Schedule and results

Statewide results by winner

Tablemaker's Note:[a]

Date Total pledged
delegates
Contest
and total popular vote
Delegates won and popular vote
Hubert
Humphrey
Eugene
McCarthy
Robert
Kennedy
Lyndon
Johnson
Favorite
Son(s)
Uncommitted Other(s)
March 12 0 (of 24) New Hampshire
Pres. Primary
[84]
55,464
- 23,263
(41.94%)
606 WI
(1.09%)
27,520 WI
(49.62%)
- - 4,075 [b]
(7.35%)
24 (of 24) New Hampshire
Del. Primary[84]
?
- 20 Del.
16,315
- 4 Del.
17,444
- - -
March 16 22 (of 22) Nevada
State Convention[85]
- - - - - 22 Del. -
March 28 28 (of 28) South Carolina
State Convention[86][87]
- - - - 28 Del. [c][d] - -
March 30 38 (of 38) Kansas
State Convention[88]
- - - - - 38 Del. -
April 2 60 (of 60) Wisconsin
Primary[89]
733,002
3,605 WI
(0.49%)
52 Del.
412,160
(56.23%)
46,507 WI
(6.35%)
8 Del.
253,696
(34.61%)
- 11,861
(1.62%)
5,173 WI[e]
(0.71%)
April 8 22 (of 22) Alaska
State Convention[90]
- - - - - 22 Del. -
April 20 19 (of 19) Arizona
State Convention[91]
- - - - - 19 Del. -
April 23 0 (of 130) Pennsylvania
Pres. Primary
599,966
51,998 WI
(8.67%)
428,891
(71.49%)
65,430 WI
(10.91%)
21,265 WI
(3.54%)
- - 32,382 [f]
(5.40%)
130[g] (of 130) Pennsylvania
Del. Primary[92]
- 18 Del. 1.5 Del. - - 110.5 Del. [h] -
April 29 49 (of 49) Maryland
State Convention[93]
- - - - - 49 Del. -
April 30 72 (of 72) Massachusetts
Primary[94]
248,903
44,156 WI
(17.74%)
72 Del.
122,697
(49.30%)
68,604 WI
(27.56%)
6,890 WI
(2.77%)
- - 6,556 [i]
(2.63%)
May 7 32 (of 32) Alabama
Del. Primary[95][96]
- - - - - 32 Del. 0 Del. [j]
63 (of 63) Indiana
Primary[97]
776,513
- 209,695
(27.01%)
59 Del. [k]
328,118
(42.26%)
- 4 Del. [l]
238,700
(30.74%)
- -
115 (of 115) Ohio
Primary[98]
549,140
- 3 Del. - - 112 Del.[m]
549,140
(100.00%)
- -
23 (of 23) Washington D.C.
Primary[99]
92,114
34,559
(37.52%)
- 23 Del.
57,555
(62.48%)
- - - -
May 11 22 (of 22) Delaware
State Convention[100]
16 Del. - 6 Del. - - - -
9 (of 52) Minnesota
7th and 8th
District Conventions[101]
9 Del. - - - - - -
22 (of 22) Wyoming
State Convention[102]
- - - - - 22 Del. -
May 12 26 (of 26) Hawaii
State Convention[103]
- - - - - 26 Del. -
May 14 0 (of 30) Nebraska
Pres. Primary[104]
162,611
12,087 WI
(7.43%)
50,655
(31.15%)
84,102
(51.72%)
9,187
(5.65%)
- - 6,580 WI[n]
(4.04%)
28 (of 30) Nebraska
Del. Primary[104]
1 Del. 3 Del. 20 Del. - - 4 Del. -
36 (of 38) West Virginia
Del. Primary[105]
- - - - - 36 Del. [o] -
May 16 43 (of 43) Georgia
State Convention[106]
- - - - - 43 Del. -
May 18 27 (of 27) Maine
State Convention[107]
- - - - 27 Del. [p] - -
May 25 6 (of 35) Colorado
1st District Convention[108]
- 3 Del. 3 Del. - - - -
46 (of 46) Iowa
State Convention[109]
9.5 Del. 5 Del. 25 Del. - - 6.5 Del. -
13.5 (of 52) Minnesota
3rd, 4th and 5th
District Conventions[110]
- 13.5 Del. - - - - -
22 (of 22) Vermont
State Convention[111]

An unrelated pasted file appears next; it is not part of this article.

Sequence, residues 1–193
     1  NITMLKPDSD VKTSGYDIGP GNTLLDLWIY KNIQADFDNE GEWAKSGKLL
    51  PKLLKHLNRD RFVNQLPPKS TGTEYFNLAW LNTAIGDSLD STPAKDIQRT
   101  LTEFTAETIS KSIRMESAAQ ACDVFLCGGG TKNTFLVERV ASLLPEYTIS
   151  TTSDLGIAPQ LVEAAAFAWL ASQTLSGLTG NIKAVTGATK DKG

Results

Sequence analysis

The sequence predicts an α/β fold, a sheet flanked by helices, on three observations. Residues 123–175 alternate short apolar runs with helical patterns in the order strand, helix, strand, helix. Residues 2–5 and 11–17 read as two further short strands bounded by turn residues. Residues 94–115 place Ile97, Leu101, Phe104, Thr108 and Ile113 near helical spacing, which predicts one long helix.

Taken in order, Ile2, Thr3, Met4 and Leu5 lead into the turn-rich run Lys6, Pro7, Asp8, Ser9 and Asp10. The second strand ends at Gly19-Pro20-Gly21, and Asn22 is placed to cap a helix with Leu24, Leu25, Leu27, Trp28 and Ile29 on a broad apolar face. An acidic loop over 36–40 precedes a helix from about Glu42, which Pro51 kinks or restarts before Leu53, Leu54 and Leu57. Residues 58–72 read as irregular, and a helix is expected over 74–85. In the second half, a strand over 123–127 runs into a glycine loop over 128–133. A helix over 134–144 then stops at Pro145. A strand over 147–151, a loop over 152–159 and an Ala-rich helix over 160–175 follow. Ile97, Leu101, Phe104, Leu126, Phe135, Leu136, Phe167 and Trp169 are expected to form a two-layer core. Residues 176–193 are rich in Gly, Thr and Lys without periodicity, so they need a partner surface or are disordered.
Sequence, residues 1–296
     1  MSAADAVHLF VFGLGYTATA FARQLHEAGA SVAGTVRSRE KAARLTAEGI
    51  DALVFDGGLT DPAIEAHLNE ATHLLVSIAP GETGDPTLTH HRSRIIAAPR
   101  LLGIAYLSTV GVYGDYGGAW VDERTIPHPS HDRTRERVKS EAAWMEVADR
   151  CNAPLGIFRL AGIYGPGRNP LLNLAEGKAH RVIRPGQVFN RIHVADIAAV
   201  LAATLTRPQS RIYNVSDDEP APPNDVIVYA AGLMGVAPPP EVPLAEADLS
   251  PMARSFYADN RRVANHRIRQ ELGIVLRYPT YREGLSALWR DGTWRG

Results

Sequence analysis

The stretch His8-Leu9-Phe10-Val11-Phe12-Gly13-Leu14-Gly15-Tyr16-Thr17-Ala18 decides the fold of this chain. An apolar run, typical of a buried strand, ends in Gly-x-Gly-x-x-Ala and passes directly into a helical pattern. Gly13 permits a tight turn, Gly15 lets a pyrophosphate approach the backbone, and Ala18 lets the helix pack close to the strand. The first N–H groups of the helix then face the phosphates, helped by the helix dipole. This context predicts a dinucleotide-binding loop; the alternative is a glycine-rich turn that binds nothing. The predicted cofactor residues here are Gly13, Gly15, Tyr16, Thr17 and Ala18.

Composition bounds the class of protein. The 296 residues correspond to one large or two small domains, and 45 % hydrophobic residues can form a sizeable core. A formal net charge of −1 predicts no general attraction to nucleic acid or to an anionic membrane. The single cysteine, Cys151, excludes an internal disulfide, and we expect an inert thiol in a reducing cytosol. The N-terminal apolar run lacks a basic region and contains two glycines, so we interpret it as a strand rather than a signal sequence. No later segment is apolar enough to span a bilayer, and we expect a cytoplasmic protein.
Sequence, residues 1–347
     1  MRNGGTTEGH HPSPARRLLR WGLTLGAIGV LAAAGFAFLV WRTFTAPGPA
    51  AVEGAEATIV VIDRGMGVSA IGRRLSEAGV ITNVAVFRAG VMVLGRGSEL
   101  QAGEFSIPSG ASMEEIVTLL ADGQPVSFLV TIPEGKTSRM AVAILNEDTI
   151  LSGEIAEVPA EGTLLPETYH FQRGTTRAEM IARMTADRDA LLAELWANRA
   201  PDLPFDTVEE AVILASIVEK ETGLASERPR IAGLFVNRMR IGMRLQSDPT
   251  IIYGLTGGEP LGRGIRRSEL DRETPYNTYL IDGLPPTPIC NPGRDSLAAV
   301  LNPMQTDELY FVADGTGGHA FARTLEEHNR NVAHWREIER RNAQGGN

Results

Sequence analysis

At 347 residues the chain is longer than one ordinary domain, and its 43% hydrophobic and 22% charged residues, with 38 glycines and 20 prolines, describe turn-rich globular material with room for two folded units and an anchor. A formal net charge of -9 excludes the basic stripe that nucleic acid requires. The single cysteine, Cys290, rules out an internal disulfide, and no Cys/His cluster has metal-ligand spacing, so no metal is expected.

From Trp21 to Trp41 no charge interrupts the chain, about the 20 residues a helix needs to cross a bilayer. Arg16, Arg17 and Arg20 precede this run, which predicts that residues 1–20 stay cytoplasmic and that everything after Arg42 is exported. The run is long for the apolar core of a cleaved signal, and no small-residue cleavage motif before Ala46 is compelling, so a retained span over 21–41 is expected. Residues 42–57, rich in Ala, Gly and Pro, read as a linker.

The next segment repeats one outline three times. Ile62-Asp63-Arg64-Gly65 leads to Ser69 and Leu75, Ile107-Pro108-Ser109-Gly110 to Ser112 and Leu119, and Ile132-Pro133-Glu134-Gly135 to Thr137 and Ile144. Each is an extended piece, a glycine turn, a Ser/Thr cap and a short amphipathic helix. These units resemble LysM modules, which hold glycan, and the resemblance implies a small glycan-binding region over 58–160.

996
10 Del.
399
(40.06%)
5 Del.
270
(27.11%)
7 Del.
327
(32.83%)
- - - -
May 26 13.5 (of 52) Minnesota
1st, 2nd and 6th
District Conventions[110]
13.5 Del. - - - - - -
May 28 61 (of 63) Florida
Primary[112]
512,357
- 4 Del.
147,216
(28.73%)
- - 57 Del. [q]
236,242
(46.11%)
128,899 [r]
(25.16%)
-
35 (of 35) Oregon
Primary[113]
373,070
12,421 WI
(3.33%)
35 Del.
163,990
(43.96%)
141,631
(37.96%)
45,174
(12.11%)
- - 9,854 WI[s]
(2.64%)
27 (of 27) Rhode Island
State Committee[114]
- - - - - 27 Del. -
June 1 60 (of 60) Missouri
State Convention[115]
- - - - - 60 Del. -
June 2 96 (of 96) Michigan
State Convention[116]
- - - - - 96 Del. -
June 4 172 (of 174) California
Primary[117]
3,181,753
- 1,329,301
(41.78%)
172 Del.
1,472,166
(46.27%)
- - 380,286 [t]
(11.95%)
-
0 (of 82) New Jersey
Pres. Primary[118]
27,446
5,578 WI
(20.32%)
9,906 WI
(36.09%)
8,603 WI
(31.35%)
380 WI
(1.39%)
- - 2,979 [u]
(10.85%)
80 (of 82) New Jersey
Del. Primary[118][119]
- 20 Del. - - 60 Del. [v] - -
24 (of 24) South Dakota
Primary[65]
64,287
- 13,145
(20.45%)
24 Del.
31,826
(49.51%)
19,316
(30.05%)
- - -
June 6 59 (of 59) North Carolina
State Convention[120]
- - - - 59 Del. [w] - -
June 11 0 (of 118) Illinois
Pres. Primary
12,038
2,059 WI
(17.10%)
4,646 WI
(38.59%)
- 162 WI
(1.35%)
- - 5,171 [x]
(42.96%)
48 (of 118) Illinois
Del. Primary[121]
- 2 Del. - - - 46 Del. -
104 (of 104) Texas
State Convention[122]
- - - - 104 Del. [y] - -
June 12 5 (of 5) Panama Canal Zone
Territorial Convention[123]
- - - - - 5 Del. -
June 14 36 (of 36) Louisiana
State Convention[124]
- - - - 36 Del. [z] - -
June 15 25 (of 25) Idaho
State Convention[125]
- - - - - 25 Del. -
26 (of 26) Montana
State Convention[126]
24 Del. 2 Del. - - - - -
June 17 6 (of 35) Colorado
2nd District Convention[127]
- 5 Del. - - - 1 Del. [aa] -
June 18 123 (of 190) New York
Del. Primary[128][129]
19 Del. 62 Del. - - - 42 Del. [ab] -
June 22 44 (of 44) Connecticut
State Convention[130]
- 0 Del. [ac] - - - 44 Del. -
13.5 (of 52) Minnesota
State Convention[131]
14 Del. - - - - - -
June 27 33 (of 33) Arkansas
State Committee[132]
- - - - - 33 Del. -
June 28 68 (of 118) Illinois
State Convention[133]
- - - - - 68 Del. -
65 (of 190) New York
State Committee[129]
- 15.5 Del. - - - 49.5 Del. -
51 (of 51) Tennessee
State Convention[134]
- - - - 51 Del. [ad] - -
June 29 26 (of 26) New Mexico
State Convention[135]
15 Del. 11 Del. - - - - -
25 (of 25) North Dakota
State Convention[136]
17 Del. 7 Del. - - - 1 Del. -
41 (of 41) Oklahoma
State Convention[137]
37 Del. 2.7 Del. - - - 1.3 Del. -
July 2 24 (of 24) Mississippi